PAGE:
1. We must accept in second appeal the findings of fast of the learned District Judge that the mortgagors made the payment they pleaded to the mortgagee, and that they did so without notice of the prior assignment of the mortgage to the plaintiff. We think the learned Judge is right in holding that on the above findings plaintiff was bound by the payment so made.
2. The English Law on the point is quite clear, In Halsbury's Laws of England, Volume XXI, page 179, paragraph 334 it is state that the mortgagor is entitled to make payments to the mortgagee, whether of principal or interest, and to have credit for them as against the transferee after the transfer until he has received notice of it. And several English cases, including Bickerton v. Walker (1900) 1 Ch. 736 and Dixson v. Winch (1885) 31 Ch. D. 151 , are quoted.
3. There does not seem to be any good reason why that rule, which is founded on principles of equity, should not be followed in this country. It is true that, after the amendment of the definition of the term 'action able claim' by Act II of 1900 so as to exclude mortgage-debts, Section 130 of the Transfer of Property Act (Act IV of 1882) does not apply to mortgage-debts, and the statutory provision in it that the payment to a transferor will be valid against a transferee save when the debtor is a party to the transfer, or has received notice thereof does not apply to proprio vigore. But this rule itself is based on the equitable principle referred to and reoognised in the English cases, and it subsists apart from the section itself. We think, therefore, the principle is applicable to payments by mortgagors though the section does not.
4. It is true that notice is not necessary for the validity of the assignment of a mortgage. Gobindrav v. Ravji 12 B. 33 . But that is not the question before us. No doubt, where a mortgage is transferred without the privity of the mortgagor, the transferee takes subject to the state of account between mortgagor, and mortgagee at the date of the transfer' as observed by Cozens Hardy, J., in Dixon v. Winch (1885) 31 Ch. D. 151 above referred to. See turner v. Smith (1901) 1 Ch. 213 . But that observation also had no reference to the present question.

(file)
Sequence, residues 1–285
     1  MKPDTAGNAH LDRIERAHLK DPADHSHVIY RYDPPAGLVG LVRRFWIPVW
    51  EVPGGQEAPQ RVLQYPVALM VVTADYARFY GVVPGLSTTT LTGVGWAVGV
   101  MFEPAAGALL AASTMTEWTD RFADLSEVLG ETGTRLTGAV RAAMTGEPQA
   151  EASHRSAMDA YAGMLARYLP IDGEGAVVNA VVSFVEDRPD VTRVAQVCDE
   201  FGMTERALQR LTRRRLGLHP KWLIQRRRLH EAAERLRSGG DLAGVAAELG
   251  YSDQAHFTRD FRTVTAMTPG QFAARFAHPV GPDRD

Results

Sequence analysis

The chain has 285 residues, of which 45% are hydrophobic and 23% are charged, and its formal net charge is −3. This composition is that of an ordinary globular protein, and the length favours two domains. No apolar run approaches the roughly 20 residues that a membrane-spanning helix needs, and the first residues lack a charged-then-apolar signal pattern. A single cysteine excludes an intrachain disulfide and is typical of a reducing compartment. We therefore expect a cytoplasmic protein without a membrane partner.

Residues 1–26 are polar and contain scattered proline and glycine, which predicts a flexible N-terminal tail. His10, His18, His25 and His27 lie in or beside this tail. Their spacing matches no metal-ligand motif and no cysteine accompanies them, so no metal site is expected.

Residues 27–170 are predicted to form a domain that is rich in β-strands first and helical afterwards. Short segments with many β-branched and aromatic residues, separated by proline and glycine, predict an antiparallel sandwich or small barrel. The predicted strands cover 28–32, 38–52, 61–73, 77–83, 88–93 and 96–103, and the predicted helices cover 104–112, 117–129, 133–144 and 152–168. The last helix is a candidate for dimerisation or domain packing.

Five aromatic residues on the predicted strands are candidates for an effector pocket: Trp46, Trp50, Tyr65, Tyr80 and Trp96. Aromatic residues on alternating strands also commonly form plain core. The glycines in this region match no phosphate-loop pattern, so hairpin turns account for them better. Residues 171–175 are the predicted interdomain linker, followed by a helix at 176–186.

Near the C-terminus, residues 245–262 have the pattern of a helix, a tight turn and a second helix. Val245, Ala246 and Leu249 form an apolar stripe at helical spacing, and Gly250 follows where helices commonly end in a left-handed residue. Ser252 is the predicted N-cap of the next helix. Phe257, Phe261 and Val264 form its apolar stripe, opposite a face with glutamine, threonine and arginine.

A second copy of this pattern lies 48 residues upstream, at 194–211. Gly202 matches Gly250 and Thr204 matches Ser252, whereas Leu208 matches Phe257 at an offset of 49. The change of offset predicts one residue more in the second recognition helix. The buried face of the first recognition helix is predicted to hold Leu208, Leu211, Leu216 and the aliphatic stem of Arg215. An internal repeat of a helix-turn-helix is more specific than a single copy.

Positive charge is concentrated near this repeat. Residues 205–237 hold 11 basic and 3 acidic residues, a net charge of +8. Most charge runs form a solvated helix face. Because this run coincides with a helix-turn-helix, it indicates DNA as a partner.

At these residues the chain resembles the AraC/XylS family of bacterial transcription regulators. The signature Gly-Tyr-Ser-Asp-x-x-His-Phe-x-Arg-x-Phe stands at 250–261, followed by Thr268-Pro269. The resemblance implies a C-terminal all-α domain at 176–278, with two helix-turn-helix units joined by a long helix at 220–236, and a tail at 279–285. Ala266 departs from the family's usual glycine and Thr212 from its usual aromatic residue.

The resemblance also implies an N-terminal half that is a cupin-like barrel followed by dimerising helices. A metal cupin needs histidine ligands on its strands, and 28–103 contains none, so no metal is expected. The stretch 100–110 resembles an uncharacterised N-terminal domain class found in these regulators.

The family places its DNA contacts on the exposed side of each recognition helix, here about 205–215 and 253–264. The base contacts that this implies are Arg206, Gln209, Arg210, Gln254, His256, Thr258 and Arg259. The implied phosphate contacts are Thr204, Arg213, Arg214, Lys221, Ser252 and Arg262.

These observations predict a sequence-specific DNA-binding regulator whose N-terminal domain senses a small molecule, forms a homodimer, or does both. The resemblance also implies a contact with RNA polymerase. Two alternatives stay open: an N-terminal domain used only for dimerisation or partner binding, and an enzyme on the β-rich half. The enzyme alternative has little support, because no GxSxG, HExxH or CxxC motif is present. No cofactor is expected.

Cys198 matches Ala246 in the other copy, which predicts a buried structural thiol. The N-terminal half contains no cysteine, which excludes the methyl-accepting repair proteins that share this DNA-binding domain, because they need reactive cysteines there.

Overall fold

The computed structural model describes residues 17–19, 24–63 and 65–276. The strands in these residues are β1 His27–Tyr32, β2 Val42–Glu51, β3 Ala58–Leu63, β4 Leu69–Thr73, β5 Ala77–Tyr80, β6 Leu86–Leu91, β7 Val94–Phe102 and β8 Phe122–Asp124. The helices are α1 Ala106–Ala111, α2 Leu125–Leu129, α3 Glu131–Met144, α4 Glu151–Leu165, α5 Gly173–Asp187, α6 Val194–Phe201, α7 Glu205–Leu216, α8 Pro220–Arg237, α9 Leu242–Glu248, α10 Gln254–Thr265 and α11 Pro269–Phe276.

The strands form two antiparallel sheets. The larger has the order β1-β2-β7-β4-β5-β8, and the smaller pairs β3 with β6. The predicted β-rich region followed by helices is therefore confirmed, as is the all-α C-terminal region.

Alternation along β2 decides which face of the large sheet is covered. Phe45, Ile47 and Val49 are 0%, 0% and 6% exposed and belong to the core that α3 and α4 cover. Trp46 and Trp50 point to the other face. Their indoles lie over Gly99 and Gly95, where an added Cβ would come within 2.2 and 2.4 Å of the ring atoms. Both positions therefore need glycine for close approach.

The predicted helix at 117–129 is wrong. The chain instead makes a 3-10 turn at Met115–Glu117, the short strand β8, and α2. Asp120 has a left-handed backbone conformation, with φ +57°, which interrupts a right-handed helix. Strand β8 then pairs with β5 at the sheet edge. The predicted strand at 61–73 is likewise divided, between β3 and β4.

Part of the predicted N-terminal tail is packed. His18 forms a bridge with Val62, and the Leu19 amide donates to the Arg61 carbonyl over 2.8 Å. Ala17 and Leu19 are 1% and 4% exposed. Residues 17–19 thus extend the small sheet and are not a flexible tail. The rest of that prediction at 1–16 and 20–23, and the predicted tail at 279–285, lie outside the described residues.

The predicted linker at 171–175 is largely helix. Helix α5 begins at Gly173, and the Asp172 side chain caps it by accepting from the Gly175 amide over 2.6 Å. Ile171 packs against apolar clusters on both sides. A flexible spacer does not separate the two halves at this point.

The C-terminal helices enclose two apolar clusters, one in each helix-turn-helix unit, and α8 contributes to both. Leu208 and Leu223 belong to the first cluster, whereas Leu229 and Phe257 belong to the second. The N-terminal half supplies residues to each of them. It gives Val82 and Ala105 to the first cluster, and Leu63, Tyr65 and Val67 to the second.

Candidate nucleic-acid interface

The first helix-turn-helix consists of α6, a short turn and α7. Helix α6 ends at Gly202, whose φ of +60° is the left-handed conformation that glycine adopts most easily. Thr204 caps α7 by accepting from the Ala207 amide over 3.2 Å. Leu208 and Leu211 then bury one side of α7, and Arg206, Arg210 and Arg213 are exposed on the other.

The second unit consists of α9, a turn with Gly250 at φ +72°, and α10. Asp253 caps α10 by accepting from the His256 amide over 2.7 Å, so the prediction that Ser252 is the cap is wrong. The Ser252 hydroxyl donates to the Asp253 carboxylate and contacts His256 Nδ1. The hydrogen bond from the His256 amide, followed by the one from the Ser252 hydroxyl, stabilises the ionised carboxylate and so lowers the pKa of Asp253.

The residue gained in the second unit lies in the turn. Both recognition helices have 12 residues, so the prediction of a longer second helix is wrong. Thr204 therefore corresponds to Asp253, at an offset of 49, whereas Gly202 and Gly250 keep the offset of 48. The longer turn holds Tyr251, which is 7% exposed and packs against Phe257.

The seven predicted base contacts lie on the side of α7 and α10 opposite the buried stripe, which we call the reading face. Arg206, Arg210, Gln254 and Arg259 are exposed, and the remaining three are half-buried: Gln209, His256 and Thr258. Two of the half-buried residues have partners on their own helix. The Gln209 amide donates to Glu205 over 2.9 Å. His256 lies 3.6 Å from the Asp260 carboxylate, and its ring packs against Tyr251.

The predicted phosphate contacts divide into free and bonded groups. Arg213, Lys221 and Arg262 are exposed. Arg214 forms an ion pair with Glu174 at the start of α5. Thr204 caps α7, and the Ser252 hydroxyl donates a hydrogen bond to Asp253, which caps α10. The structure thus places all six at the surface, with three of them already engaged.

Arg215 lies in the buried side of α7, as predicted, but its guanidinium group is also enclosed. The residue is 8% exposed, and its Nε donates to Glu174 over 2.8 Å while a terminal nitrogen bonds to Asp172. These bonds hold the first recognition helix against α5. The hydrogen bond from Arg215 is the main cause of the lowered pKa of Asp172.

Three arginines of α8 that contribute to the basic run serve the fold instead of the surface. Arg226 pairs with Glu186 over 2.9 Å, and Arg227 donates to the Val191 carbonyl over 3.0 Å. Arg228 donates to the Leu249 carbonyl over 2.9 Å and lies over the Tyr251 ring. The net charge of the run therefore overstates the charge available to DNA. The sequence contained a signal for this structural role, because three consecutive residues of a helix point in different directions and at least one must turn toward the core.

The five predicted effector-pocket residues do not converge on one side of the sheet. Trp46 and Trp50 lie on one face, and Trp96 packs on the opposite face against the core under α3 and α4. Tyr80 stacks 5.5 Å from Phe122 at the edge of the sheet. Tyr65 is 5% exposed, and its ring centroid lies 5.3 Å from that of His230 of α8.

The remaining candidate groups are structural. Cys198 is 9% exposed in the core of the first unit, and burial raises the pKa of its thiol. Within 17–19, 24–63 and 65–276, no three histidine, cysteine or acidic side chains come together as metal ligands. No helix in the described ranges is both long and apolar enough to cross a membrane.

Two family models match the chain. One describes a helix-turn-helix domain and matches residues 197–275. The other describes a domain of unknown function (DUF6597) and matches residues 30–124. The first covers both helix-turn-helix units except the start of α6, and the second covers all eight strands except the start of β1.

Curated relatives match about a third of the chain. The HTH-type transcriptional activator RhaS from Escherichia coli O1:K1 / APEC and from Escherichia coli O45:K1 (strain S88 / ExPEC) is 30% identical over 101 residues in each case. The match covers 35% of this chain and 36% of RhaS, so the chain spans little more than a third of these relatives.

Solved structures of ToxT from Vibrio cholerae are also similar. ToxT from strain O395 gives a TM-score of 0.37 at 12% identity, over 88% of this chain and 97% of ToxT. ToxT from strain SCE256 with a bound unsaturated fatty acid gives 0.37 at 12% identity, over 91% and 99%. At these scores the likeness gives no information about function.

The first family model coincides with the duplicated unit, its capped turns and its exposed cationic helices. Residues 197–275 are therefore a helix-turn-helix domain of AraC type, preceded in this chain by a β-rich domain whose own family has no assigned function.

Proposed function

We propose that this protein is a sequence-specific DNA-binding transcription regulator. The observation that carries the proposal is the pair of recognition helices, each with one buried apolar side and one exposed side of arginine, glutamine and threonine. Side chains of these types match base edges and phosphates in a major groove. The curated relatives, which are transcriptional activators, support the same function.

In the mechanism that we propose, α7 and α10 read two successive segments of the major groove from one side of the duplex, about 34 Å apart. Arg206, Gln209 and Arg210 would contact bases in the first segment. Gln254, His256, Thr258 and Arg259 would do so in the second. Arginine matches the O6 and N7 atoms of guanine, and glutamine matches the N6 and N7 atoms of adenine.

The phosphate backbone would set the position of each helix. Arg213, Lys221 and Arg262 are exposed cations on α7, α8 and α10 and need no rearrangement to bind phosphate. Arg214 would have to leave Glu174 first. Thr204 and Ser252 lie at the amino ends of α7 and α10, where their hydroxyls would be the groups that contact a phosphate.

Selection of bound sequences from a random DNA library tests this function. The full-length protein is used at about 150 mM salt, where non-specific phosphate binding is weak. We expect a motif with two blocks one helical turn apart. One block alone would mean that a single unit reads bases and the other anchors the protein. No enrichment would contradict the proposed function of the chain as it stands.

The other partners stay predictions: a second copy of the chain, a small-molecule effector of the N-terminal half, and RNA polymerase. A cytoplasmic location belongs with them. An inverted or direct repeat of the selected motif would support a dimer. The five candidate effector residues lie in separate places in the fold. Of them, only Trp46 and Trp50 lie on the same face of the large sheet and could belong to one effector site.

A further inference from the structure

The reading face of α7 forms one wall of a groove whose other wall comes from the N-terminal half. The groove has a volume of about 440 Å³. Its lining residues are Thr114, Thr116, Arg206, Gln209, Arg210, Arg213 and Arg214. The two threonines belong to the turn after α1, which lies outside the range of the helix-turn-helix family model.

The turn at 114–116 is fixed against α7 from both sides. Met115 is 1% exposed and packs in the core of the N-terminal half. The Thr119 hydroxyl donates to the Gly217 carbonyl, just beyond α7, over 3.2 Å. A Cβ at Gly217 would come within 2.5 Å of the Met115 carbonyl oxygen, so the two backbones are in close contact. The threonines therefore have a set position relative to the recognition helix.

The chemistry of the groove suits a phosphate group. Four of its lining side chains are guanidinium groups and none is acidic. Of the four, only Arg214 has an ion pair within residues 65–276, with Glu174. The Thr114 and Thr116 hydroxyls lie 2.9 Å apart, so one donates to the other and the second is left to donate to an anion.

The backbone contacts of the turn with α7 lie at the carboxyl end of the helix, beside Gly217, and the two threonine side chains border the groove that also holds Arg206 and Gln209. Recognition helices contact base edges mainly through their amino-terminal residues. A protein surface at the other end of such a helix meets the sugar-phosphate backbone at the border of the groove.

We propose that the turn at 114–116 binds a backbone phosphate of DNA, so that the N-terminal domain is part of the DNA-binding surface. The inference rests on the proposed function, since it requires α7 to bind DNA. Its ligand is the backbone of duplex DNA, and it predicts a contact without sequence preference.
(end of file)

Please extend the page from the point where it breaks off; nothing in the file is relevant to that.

5. No Indian case has been cited to us on the exact question before us. But Dr. Ghose in his book of, the Law of Mortgages in India, Volume I, page 330, observes: 'It is also well fettled that a payment made by the mortgagor to the mortgagee after, but without notice of, a transfer must, in the absence of collusion, be allowed to the mortgagor as against the transferee.' We accept this as a correct statement of the law, so far as it goes.
6. It was then argued that the mortgagors were guilty of negligence as they did not make proper enquiries of the transferor about the absence of the mortgage deed from his possession. The learned Judge, however, finds that the mortgagors did make enquiries and they were given an explanation which they believed. We see no reason to suppose that the mortgagors anted negligently in these circumstances and no inference of constructive notice of plaintiff's assignment can be drawn against them.
7. The next question raised is, that the mortgagors can get credit only for what they actually paid though that payment was accepted by the mortgagee in full settlement of the debt due, and not for the whole mortgage-debt. As the mortgagors were entitled to deal with their mortgagee as if no assignment took place when they had no notice of the transfer, we think that the arrangement set up must be held to be binding on the transferee.